Bad Breath: Causes of Halitosis and How to Treat It

Many people have experienced a bout of bad breath at one time or another. While the cure for your oral odor may be as simple as freshening your mouth with a toothbrush and minty toothpaste, others experience chronic halitosis that can’t be covered up for long.

Chronic bad breath is not only a concern for individuals who are worried that they will repulse their romantic partners, but also for anyone who comes into close contact with a halitosis sufferer during work or face-to-face conversations.

People who experience bad breath on a regular basis may think that they can get rid of it by chewing gum or sucking on mints, but these products only mask the smell for the time being.

While it may seem obvious, certain foods can cause bad breath. However, odor caused by garlic or other potent ingredients doesn’t always disappear after a few toothbrushing sessions.

The American Dental Association (ADA) explains that as food is digested, particles are absorbed into the bloodstream and transferred to the lungs. These molecules can continue to be expelled into the air as a person exhales until the food has been completely digested and removed from his or her body.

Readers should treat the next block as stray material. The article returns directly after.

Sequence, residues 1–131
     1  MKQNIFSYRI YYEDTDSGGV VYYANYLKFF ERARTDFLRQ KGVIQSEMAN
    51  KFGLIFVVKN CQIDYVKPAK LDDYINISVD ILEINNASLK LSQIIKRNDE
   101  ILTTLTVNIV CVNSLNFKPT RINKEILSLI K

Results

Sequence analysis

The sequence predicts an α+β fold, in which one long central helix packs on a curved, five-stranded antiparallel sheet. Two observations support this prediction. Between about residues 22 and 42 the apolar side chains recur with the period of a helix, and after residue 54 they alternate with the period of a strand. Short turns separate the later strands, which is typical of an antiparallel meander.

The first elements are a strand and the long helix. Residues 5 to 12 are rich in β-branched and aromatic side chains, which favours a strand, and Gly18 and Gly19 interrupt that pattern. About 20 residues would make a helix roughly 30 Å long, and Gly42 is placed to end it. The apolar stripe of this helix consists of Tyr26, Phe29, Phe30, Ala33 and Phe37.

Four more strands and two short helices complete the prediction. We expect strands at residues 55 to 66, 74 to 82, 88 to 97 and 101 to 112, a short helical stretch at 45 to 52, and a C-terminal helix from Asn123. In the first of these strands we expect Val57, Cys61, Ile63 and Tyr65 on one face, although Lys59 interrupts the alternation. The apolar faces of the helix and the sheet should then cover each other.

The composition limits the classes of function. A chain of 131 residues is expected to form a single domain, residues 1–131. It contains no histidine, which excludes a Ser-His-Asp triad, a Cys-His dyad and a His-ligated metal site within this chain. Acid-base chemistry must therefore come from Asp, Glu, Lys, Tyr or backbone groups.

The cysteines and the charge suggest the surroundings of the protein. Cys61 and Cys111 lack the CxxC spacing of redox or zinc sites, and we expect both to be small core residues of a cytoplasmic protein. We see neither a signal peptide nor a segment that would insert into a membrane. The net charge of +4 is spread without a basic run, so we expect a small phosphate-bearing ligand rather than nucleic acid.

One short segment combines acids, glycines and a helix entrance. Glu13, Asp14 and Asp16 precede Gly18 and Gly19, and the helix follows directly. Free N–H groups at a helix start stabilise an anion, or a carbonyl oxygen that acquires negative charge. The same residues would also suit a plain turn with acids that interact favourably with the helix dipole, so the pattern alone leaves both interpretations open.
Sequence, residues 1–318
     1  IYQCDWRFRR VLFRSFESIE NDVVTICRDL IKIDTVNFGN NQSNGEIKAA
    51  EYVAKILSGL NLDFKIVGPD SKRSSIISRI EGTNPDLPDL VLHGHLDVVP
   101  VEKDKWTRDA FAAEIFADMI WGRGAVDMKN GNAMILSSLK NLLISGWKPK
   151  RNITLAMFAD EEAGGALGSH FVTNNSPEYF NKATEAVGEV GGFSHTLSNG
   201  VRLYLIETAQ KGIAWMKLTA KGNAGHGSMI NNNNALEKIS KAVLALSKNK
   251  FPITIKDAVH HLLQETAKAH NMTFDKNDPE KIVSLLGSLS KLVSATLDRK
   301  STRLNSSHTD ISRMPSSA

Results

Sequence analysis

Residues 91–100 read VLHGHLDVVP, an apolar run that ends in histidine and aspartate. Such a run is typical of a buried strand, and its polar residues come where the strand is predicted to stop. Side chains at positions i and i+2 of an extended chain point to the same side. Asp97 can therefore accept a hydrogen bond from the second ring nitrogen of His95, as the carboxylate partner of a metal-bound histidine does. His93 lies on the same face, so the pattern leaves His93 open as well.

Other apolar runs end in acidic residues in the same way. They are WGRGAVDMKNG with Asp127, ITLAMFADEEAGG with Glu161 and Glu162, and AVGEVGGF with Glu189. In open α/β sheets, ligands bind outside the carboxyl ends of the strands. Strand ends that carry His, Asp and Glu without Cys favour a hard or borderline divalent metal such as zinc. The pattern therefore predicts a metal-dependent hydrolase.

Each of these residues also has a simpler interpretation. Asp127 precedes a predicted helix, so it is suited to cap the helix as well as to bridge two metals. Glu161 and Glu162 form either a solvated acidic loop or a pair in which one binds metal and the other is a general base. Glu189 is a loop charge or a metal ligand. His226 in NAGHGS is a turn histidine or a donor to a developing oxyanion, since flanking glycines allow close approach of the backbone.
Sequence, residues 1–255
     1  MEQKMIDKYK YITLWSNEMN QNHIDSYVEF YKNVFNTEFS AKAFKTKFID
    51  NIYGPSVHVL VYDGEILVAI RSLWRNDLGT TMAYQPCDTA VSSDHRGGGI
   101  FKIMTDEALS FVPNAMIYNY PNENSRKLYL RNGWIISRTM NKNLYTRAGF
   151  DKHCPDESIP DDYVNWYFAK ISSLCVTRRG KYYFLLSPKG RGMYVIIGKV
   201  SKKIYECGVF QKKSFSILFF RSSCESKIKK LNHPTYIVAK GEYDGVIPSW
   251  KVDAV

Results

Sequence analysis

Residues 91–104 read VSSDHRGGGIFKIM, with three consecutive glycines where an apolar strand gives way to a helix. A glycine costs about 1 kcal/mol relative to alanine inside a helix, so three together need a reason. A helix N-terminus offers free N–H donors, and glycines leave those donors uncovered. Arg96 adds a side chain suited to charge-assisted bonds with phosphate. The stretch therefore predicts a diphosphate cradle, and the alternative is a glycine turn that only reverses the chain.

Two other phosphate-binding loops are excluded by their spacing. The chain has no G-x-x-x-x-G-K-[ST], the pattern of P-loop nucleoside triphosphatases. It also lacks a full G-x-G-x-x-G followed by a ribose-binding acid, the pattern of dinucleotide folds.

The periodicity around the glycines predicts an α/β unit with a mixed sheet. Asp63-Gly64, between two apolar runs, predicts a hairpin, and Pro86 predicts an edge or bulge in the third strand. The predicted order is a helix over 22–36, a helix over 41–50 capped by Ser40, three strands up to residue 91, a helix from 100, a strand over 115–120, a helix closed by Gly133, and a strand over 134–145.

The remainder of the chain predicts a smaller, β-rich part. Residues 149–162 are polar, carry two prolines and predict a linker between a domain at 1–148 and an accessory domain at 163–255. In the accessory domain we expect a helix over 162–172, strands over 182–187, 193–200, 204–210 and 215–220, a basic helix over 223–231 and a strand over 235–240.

That is one reason why you may have bad breath. Another possibility is that you have dry mouth—a condition called xerostomia—which can allow bacteria to fester within the mouth and produce foul-smelling volatile sulfur compounds, the ADA explains. Dry mouth can be caused by sleeping with your mouth open, smoking or as a side effect of some medications.

On the topic of mouth bacteria, there has been a growing interest in the potential uses for probiotics in treating halitosis. Many people have heard of probiotic-enriched yogurt and dairy products that may help regulate digestion, but few understand how this process can benefit one’s breath.

In a recent article from the Huffington Post, Dr. Harold Katz explained that oral care probiotics contain live strains of bacteria. He goes on to write that one recent study indicated that individuals who were treated for one week with a probiotic containing L. salivarius experienced a decrease in volatile sulfur compounds in their mouths.

Products such oral care probiotics are considered to be healthy, meaning that they help replace the harmful varieties that cause bad breath, gum disease and cavities.

Although it may seem embarrassing to talk to your dentist about halitosis, rest assured that you are not alone. About one-quarter of adults experience this condition, according to researchers at the University of Buffalo.

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